Allocation of crop residues for BIPP production of biochar and pyrolysis gas, as well as for deployment of BECCS over the intermediate time period, were also analyzed and demonstrated. Compared with sole dependence on BECCS in the future, immediate implementation of large-scale BIPP facilities with future deployment of BECCS not only could decrease the GHG emissions intensity of energy in the near term, but could result also in greater cumulative reduction of GHG emissions by 2050 as compared with waiting for BECCS to become widely viable. Additionally, deployment of this strategy can contribute effectively to long-term net negative GHG removal by 2100, since it will result in higher annual negative emissions for bio-NETs by 2050. Furthermore, it is shown that China, through applications of BIPP biochar and pyrolysis gas production as BECCS matures, could even under a moderate deployment achieve potentially one-third of the GHG reduction identified in the IPCC’s global NETs assessment.

It should be emphasized that the above life-cycle analysis did not consider the consumption of water during biochar deployment. The effect of water consumption during biochar production will be a topic for detailed analysis in our future work, combining potential water saving effects on soil in conjunction with biochar sequestration, offering important advantages as compared with water-intensive BECCS. These studies will include a comprehensive evaluation of water constraints for large-scale biochar production and sequestration, allowing recalculation of the GHG footprint of biomass pyrolysis poly-generation systems, and provide guidelines for policy incentives directed at greater biochar production and greater use for it in the future as a medium for carbon storage.

Finally, it is important to stress that despite the overwhelming evidence for the potential benefits of biochar on soil quality or crop productivity, such effects were not considered in the analysis of the BIPP systems, due to the complexity and specificity of such effects.


System model

The moving-bed BIPP system was simulated using Aspen Plus software verifying results with data provided from experimental20 and demonstration plants in China26. The main pyrolysis product yields were simulated with a model based on mass and energy flows and each reaction step was tuned using available experimental results. The detailed information on model assumptions, model parameters, inputs and outputs of materials, and energy and water for the BIPP system is summarized in Supplementary Tables 16.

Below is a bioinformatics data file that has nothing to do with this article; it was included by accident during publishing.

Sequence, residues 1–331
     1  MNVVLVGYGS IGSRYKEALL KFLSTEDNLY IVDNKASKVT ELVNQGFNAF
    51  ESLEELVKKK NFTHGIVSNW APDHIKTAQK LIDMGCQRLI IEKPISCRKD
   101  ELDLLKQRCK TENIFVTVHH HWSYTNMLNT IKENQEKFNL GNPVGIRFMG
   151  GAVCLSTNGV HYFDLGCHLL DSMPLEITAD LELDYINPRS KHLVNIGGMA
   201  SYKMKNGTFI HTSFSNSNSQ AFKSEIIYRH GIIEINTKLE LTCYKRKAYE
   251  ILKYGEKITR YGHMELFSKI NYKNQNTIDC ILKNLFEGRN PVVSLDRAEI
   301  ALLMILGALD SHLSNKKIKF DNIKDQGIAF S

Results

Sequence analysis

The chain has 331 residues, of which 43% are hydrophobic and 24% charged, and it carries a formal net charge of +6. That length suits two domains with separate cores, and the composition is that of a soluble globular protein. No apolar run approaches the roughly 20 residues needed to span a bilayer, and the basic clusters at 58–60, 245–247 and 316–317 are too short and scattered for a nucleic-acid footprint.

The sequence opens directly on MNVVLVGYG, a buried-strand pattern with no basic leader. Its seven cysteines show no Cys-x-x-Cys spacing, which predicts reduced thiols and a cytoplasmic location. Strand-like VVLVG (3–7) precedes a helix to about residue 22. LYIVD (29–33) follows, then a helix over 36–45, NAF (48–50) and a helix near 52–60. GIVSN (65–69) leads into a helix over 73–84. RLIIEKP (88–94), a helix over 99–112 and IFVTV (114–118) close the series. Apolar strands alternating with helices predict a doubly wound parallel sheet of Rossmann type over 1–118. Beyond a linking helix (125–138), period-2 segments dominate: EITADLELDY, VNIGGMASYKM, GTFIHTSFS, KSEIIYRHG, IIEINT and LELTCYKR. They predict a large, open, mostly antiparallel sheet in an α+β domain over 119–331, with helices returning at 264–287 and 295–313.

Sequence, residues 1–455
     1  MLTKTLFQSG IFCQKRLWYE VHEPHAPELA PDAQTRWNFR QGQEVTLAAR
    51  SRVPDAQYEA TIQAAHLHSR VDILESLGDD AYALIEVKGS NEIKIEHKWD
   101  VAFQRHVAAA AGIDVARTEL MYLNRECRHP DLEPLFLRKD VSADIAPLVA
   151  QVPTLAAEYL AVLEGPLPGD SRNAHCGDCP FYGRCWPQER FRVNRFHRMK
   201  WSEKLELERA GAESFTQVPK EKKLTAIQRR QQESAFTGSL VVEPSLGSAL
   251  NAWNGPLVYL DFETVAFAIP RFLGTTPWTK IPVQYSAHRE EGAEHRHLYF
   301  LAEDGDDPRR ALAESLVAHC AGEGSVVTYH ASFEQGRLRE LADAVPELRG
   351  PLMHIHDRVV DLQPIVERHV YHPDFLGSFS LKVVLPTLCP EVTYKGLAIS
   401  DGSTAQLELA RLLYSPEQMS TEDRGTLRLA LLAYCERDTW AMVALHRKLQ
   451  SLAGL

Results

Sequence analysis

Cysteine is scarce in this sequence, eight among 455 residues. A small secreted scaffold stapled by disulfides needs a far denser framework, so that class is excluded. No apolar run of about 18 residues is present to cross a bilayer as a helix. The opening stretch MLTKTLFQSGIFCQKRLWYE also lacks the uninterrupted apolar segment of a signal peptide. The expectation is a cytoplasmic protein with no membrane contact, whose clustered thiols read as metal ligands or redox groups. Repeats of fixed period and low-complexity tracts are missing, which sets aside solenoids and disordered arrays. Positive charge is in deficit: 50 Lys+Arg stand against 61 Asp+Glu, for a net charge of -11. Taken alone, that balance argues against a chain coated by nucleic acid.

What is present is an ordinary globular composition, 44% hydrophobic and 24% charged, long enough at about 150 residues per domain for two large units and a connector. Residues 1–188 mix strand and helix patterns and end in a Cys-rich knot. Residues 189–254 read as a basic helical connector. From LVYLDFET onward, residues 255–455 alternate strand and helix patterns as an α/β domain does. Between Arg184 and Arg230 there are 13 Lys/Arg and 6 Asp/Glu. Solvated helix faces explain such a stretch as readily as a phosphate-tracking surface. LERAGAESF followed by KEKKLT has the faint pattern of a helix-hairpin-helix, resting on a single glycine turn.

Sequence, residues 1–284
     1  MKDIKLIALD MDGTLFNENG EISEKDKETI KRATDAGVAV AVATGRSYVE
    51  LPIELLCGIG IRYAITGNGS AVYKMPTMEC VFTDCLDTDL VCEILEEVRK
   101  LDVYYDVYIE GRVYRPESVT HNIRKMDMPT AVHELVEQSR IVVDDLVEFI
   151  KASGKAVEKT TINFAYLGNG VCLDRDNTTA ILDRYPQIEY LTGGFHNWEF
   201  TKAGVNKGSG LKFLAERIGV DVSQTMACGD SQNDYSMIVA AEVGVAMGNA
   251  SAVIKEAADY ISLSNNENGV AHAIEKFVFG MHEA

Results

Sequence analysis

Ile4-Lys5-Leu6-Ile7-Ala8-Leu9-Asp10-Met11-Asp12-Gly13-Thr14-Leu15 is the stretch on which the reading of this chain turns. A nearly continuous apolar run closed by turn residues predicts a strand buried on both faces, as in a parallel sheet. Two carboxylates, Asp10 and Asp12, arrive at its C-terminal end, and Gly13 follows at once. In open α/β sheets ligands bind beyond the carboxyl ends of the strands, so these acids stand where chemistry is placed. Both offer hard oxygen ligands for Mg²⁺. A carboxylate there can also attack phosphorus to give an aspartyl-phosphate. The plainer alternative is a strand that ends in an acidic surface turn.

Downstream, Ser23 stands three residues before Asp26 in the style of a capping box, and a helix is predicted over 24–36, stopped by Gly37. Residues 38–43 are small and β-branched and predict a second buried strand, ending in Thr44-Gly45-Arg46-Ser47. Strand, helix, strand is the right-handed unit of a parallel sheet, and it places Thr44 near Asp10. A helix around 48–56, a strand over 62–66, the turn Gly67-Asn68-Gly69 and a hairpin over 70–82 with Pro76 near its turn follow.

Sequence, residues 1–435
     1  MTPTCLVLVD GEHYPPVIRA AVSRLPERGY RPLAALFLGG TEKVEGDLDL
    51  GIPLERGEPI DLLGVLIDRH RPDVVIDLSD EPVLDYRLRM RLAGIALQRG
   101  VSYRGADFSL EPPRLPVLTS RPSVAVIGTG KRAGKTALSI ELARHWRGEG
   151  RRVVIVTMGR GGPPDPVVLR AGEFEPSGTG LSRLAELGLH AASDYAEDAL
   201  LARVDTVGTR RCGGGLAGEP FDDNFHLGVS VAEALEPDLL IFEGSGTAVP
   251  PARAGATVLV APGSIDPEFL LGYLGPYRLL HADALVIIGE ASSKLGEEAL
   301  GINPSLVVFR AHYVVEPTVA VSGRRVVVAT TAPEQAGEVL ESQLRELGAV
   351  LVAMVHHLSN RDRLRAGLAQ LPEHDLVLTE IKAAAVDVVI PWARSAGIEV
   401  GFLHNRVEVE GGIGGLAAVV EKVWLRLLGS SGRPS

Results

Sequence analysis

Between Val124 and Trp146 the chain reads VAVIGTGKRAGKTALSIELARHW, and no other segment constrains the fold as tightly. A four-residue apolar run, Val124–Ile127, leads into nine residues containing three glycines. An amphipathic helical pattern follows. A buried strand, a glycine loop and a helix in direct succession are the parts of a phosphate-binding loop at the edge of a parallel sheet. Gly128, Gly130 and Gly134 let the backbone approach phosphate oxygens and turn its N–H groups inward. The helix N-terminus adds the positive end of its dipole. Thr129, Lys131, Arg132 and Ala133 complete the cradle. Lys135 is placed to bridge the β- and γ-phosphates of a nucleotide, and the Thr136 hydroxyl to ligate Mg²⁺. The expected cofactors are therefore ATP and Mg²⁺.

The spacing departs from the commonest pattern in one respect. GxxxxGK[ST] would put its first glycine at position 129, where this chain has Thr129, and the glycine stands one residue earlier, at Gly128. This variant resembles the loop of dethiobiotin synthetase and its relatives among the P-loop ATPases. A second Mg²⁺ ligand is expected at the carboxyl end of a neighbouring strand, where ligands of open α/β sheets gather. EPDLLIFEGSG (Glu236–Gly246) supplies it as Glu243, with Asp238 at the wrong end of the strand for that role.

Economic benefit and cost

In this study, given the immaturity of the biochar market and the lack of policies supporting biochar production and sequestration in soils in China, this study assumes that the biochar used in cultivation for improving soil is transported from BIPP systems to the field directly. There is thus no profit from biochar for the pyrolysis system considered here in contrast to the assumption made in previous research28. The revenues are instead derived mainly from co-production of pyrolysis gas used for household heating and electricity production and bio-oil (both heavy and light oil) employed as a chemical feedstock. The prices for all products are shown in Supplementary Table 9, confirmed according to a detailed feasibility report performed on the existing Chinese demonstration plant26 (noting that the technology used in the plant has received the “Blue Sky Award” from the United Nations Industrial Development Organization in 2014). However, the price of pyrolysis gas is influenced by its quality, based on the market price of syngas. It is assumed that when the lower heating value of pyrolysis gas is under 10 MJ m−3, gas can be sold at 4.54 × 10−2 USD Nm−3, and otherwise at 6.81 × 10−2 USD Nm−3. In addition, it is assumed in this study that 20% of BIPP pyrolysis gas is used for household heating while the remainder is used to produce electricity.